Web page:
Reformer Pilates: What is it and does it get results?
Reformer Pilates is fast becoming the go-to class if you're looking to strengthen and sculpt your perfect body. The practice has received particular press attention this year, with personalities from newlywed Megan Markle to professional World Cup football players singing its praises.
With a focus on resistance and alignment, this 20th century concept of exercise is undoubtedly challenging for both the body and the mind. The whole workout is done on a reformer machine - a sliding metal bed with springs and pullies, which adds intensity to the exercises through resistance.
The equipment might look more like a torture tool from the 19th century than the basis of a good sweat session, but fear not, it's a more straightforward piece of equipment than it first looks!
Where did Reformer Pilates come from?
Pilates, and the reformer equipment, has been around in its earliest forms since around 1915 thanks to the German-born exercise guru Joseph Pilates.
Throughout his life, Joseph had dabbled in all kinds of different disciplines of exercise. From bodybuilding as a teen, to gymnastics, yoga, diving, and even becoming a professional boxer, he'd tried it all.
In the early 20th century he began experimenting with a new type of mat-based exercise and while working as a nurse, he came up with the idea of the reformer. He experimented with springs attached to a hospital bed to create a resistance-based exercise, hoping it would help patients recover faster.
Years later, while living in New York he collaborated with Rudolph Laban - the world famous dancer and choreographer - and what we know as modern day pilates was born.
After opening the first studio in New York with his wife, the idea spread and soon well-known dancers flocked to study pilates from the expert.
Initially called 'Contrology', the concept of pilates focused on using the mind and breath to control the muscles. Just like today, it centered around core movements, alignment of the spine, and strengthening the deep abdominal muscles.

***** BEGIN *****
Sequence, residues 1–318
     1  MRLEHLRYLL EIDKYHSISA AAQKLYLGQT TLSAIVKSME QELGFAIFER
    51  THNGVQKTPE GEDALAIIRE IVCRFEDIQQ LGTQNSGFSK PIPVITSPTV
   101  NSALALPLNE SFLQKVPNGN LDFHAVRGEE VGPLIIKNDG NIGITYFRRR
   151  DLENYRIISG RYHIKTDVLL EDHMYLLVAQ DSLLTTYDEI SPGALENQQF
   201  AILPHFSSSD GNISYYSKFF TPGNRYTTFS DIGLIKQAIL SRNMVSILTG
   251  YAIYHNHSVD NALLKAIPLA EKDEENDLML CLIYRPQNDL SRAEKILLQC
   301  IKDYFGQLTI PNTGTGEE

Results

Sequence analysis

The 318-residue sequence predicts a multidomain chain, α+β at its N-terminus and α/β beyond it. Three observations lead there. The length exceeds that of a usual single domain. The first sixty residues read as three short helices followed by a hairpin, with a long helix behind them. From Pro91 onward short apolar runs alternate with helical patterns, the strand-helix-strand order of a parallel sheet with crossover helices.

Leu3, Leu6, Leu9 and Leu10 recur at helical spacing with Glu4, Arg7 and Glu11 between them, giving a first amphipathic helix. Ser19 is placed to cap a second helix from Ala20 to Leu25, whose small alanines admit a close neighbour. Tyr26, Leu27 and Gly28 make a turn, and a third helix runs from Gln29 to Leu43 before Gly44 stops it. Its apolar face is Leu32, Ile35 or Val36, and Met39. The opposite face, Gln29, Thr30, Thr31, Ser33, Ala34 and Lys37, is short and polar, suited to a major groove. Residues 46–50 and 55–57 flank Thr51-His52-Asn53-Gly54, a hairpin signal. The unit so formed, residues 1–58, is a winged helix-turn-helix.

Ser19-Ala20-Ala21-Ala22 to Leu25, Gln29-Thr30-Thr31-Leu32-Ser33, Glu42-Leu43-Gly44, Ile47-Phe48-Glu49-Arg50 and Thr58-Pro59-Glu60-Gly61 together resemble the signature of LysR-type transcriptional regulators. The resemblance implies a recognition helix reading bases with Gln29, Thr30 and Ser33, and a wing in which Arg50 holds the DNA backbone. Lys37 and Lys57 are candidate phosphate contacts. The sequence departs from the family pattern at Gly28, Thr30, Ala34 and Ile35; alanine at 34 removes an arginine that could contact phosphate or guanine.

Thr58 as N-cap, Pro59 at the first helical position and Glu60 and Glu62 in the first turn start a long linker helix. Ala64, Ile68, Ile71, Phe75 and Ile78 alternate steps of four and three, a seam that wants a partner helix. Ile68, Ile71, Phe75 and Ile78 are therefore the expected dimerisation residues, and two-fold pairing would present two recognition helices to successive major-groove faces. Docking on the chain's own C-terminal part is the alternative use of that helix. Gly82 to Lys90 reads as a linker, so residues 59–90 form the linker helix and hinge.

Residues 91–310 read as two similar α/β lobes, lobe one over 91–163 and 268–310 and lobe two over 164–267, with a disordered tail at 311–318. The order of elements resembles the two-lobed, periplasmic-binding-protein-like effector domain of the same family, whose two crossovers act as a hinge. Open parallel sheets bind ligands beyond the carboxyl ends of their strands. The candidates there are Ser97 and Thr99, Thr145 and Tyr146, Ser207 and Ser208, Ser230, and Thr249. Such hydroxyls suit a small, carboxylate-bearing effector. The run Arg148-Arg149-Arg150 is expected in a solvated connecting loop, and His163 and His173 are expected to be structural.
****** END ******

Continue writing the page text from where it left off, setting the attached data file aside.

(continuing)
What to expect from your first class
After walking through the studio and catching a glimpse of the somewhat confusing looking reformer, try to resist the urge to run out of the door. First things things, the instructor will explain how the reformer works, what each strap and bar is for, and how to change the springs.
Adjusting the springs changes the level of resistance on the moving platform. So for example, certain exercises to target say your legs require a higher level of resistance than those for your arms. But each time the exercise changes, the instructor will tell you whether to alter your springs. And if the exercise is too tough, you can always choose to lower the resistance yourself.
The loops are there for either your hands or feet, depending on the exercise, and often there’s a bar too to assist with stability.
All classes and studios will differ, but a typical Reformer Pilates move is the runners lunge. Standing in a slight lunge with one foot on the stationary platform at the front, the other foot pushes the moving part of the bed backwards against the resistance of the strings. Repeating this movement slowly and with control, it won't be long before your muscles start to burn.
Generally, Reformer Pilates classes are taken at a slow pace and to the point of fatigue (expect to feel your muscles shake!), in a bid to build strong but lean muscle by increasing the time under tension.
Thanks to the tempo and resistance, even the simplest of moves feel much tougher and targets muscles you might not normally reach. So whilst it might not seem as feisty as a HIIT class, the control and precision required will still see that you work up a sweat.
In most classes, one exercise will follow straight into the next, like a continuous yoga flow, and after 45 minutes, you'll be more than ready for the cool down.
What should I wear?
For reformer pilates, freedom of movement is key. You want to be able to exercise comfortably and without any restrictions so steer clear of running shorts or big, baggy tops.
Instead, choose leggings or close-fitting shorts and a stretchy top. During an intense session, reformer pilates can get pretty sweaty, so opt for breathable fabrics to stay cool and comfortable. You'll find some great options via our dedicated Pilates Collection.
As you'll be getting into a variety of positions and potentially going upside down, it might be worth considering some high waisted leggings, for full coverage and comfort.
Many studios also require those doing Reformer Pilates to wear grippy socks to avoid your feet slipping while on the reformer.
Where should I go?
In London, our favourite Reformer Pilates include Frame, Tempo and Ten Pilates. Most Reformer studios offer a beginners class, so make sure you sign up to a few of these first. And when you’re ready to take your Reformer Pilates to an intermediate or advanced level, we can’t get enough of Bootcamp Pilates, Power Reformer at Frame or one of Lagree Studio’s killer sessions!
If you're already a fan of yoga or Pilates, reformer is the perfect way to up the intensity of your workouts, perfect your alignment, burn fat and help build a really strong core. And by taking the pressure of your joints and increasing flexibility, it's also a great option for runners and HIIT lovers.